When we have physiological crises in our lives, we seek God’s assistance, imploring him to help us through healing, guidance, and ultimate understanding. In Mark 8:22-26 we see, yet again, the faithful coming to Jesus with the belief He will and can heal. And again, today, he does not let the faithful down. The healing of the blind man, at Bethsaida, is the only recorded miracle that is in “phases” of healing. This is an interesting parallel, of how God’s enlightenment works.

 

If we are accustomed to prolonged darkness, exposure to light is shocking to our eyes. Our eyes work better if we are gradually acclimatized. Likewise, we must exhibit patience and kindness with each other and ourselves as we draw closer to Him, especially when we know we or others have not been living in the light.

 

Further reading, today, might be James 1:19-27, Psalm 15:2-5; and Proverbs 20:27.  May the Word allow Jesus to touch you with grace and power to see and walk with Him, in the Light.

Paul B

 


Offer It Up!   February 18, 2014

During the next days and weeks leading to Lent, it is a good time to immerse ourselves in Mathew's gospel, particularly chapters 5-7 and the so called Sermon on the Mount chapters.

 

Lent is a season of entering into the desert, focusing on our life with Jesus. The desert; that place of silence, hopefully reducing the distractions of life and scrutinizing our relationship with our God. Taking time to  place ourselves in the presence of Jesus prior to our journey into to thirsty land, we fill our hearts and minds with his teachings from the Sermon  on the Mount. 

 

This Lenten season, examine deeply what it means to be a disciple of Jesus Christ and what attitudes we need to develop as people of the Kingdom. We are aware, are we not, that Jesus is the very image of the invisible God.  The incarnation revealed to humanity, completely the invisible God. Jesus, truly man is truly God. He pitched His tent among us, and he dwells in our midst in fulfillment of the promise He made that He would be with us always. 

 

Each day throughout the world, the Eucharist is being celebrated continuously. The Bread of Life is the food that sustains the life of Christians in all circumstances. Sadly, many continue to seek some signs that this is true. Again, our Lord, sighs deeply and reminds us no sign will be given that has not already been given. Often it seems as men and women discover new wonders of God's creation, they fail to see beyond the wonders to see the Creator of all that is.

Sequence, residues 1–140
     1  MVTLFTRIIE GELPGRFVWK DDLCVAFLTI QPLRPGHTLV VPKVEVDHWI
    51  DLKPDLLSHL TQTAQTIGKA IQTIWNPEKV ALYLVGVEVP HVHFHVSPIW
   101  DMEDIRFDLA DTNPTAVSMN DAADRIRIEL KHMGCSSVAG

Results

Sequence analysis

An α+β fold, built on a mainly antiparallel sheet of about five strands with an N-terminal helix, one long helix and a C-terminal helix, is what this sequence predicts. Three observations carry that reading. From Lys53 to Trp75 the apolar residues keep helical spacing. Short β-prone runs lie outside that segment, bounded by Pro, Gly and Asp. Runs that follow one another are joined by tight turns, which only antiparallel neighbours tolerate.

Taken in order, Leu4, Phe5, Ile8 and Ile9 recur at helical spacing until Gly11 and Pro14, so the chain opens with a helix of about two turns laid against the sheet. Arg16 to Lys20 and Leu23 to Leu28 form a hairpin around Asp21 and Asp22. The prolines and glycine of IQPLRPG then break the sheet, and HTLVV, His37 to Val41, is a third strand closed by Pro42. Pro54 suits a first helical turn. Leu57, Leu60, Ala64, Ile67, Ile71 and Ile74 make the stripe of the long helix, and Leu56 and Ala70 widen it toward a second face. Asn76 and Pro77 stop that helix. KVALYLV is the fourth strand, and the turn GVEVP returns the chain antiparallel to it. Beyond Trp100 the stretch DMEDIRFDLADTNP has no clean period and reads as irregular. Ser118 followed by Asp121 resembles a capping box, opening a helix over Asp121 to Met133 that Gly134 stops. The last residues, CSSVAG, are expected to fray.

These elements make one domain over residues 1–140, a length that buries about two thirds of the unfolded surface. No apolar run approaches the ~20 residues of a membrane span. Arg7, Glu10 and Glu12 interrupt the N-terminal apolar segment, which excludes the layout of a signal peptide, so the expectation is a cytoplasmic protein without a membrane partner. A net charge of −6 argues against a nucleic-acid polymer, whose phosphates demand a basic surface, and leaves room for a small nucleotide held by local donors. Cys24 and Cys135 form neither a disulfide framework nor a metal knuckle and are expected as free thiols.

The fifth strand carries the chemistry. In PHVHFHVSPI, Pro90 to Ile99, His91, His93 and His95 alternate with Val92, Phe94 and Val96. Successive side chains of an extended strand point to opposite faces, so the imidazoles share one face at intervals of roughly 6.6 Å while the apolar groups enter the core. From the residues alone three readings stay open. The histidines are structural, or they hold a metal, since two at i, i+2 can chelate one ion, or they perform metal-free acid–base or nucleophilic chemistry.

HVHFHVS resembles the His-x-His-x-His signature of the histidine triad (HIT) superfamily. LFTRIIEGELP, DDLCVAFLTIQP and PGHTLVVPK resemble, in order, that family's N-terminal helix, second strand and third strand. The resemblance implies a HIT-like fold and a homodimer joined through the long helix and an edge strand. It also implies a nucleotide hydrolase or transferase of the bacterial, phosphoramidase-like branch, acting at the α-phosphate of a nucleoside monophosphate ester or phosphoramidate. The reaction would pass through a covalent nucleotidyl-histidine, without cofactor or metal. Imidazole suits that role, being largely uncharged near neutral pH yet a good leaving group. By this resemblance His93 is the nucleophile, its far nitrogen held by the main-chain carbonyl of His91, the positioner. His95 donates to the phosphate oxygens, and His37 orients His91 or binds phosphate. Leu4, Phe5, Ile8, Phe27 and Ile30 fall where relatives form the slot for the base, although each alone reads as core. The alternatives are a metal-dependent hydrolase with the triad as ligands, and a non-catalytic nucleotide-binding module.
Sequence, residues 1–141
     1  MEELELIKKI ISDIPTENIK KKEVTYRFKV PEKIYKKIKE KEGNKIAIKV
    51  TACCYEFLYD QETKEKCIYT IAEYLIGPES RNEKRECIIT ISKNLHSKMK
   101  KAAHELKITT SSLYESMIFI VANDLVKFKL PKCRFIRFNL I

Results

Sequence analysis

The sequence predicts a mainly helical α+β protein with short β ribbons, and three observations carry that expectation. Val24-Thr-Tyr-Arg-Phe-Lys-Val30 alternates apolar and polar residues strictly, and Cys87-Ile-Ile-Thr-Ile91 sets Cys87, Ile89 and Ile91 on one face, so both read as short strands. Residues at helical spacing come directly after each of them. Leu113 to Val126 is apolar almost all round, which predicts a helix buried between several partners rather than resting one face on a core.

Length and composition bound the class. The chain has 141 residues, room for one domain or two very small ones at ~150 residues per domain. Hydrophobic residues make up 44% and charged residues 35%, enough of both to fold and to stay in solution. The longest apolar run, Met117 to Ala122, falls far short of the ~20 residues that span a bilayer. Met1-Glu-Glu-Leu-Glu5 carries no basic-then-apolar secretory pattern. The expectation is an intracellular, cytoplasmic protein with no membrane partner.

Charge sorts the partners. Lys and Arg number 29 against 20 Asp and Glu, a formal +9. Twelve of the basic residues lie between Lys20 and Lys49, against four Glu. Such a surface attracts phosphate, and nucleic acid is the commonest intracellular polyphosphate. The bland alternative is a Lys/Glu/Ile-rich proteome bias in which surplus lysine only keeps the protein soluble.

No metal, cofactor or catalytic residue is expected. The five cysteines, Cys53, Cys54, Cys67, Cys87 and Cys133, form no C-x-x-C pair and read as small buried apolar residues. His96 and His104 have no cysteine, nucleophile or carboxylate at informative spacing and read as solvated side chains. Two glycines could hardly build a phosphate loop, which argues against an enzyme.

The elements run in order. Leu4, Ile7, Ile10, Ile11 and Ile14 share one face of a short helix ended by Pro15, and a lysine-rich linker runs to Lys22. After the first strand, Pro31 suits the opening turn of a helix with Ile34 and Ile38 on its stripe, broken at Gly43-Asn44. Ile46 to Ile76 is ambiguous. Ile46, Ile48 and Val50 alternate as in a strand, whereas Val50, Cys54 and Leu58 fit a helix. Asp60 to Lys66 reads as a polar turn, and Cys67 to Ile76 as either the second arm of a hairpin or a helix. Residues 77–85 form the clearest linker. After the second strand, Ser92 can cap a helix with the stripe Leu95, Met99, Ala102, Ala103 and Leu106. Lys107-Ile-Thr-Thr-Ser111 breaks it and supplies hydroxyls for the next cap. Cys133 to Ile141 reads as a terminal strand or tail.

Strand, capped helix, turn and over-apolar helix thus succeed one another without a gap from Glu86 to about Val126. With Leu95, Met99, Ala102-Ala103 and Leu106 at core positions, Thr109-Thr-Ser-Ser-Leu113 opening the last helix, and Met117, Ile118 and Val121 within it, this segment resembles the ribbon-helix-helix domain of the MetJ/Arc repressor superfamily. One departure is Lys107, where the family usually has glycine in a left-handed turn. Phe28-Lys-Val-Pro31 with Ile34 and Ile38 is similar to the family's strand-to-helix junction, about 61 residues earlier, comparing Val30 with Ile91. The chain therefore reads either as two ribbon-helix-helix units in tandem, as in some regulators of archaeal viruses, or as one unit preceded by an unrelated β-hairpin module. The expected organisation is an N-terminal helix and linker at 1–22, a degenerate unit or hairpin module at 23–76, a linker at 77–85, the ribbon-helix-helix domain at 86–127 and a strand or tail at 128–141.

As we approach Lent, and next week as  we prepare with a  parish mission, may we pray and invite all of our brothers and sisters to pray for the graces needed to know God's will in each life and in the life of our community.

Certainly there is  a call by the Church for a new evangelization, a reaching out first to all who have been baptized, and to all who, for whatever reason, do not find their way to worship the Lord in community. To all who find their way to this site, all who are inspired to renewal, invite all those you know to join in prayer particularly during Lent.

 

Lift High the Cross, witness to the Love that is Love.

Deacon

 


Offer It Up!   February 17, 2014

God has created me to do Him some definite service
He has committed some work to me

which He has not committed to another

 

I have my mission
I may never know it in this life

but I shall be told it in the next

 

I am a link in a chain
a bond of connection between persons
He has not created me for naught

 

I shall do good - I shall do His work
I shall be an angel of peace
a preacher of truth in my own place

while not intending it

if I do but keep His commandments

 

Therefore I will trust Him whatever I am,

I can never be thrown away

 

If I am in sickness, my sickness may serve Him

In perplexity, my perplexity may serve Him
If I am in sorrow, my sorrow may serve Him

 

He does nothing in vain
He knows what he is about
He may take away my friends
He may throw me among strangers
He may make me feel desolate
make my spirits sink
hide my future from me –

still He knows what He is about.

 

 

Cardinal John Henry Newman

 
 
 


Offer It Up!  February 16, 2014

Simplicity and Truth

In Mark 5:20-37 these concepts are clear. He reminds us that, while upright lives are rooted in obeying the commandments of God, our ultimate fulfillment lays in the simplicity of saying, “Yes”. We see this theme throughout the Gospel. Too often, people tend to view the laws of God as negative, perhaps because we have, just as the scribes and Pharisees, taken those laws and added minute burdens to them and made them more important than the fruits of righteousness:  Holiness, Peace, and Joy?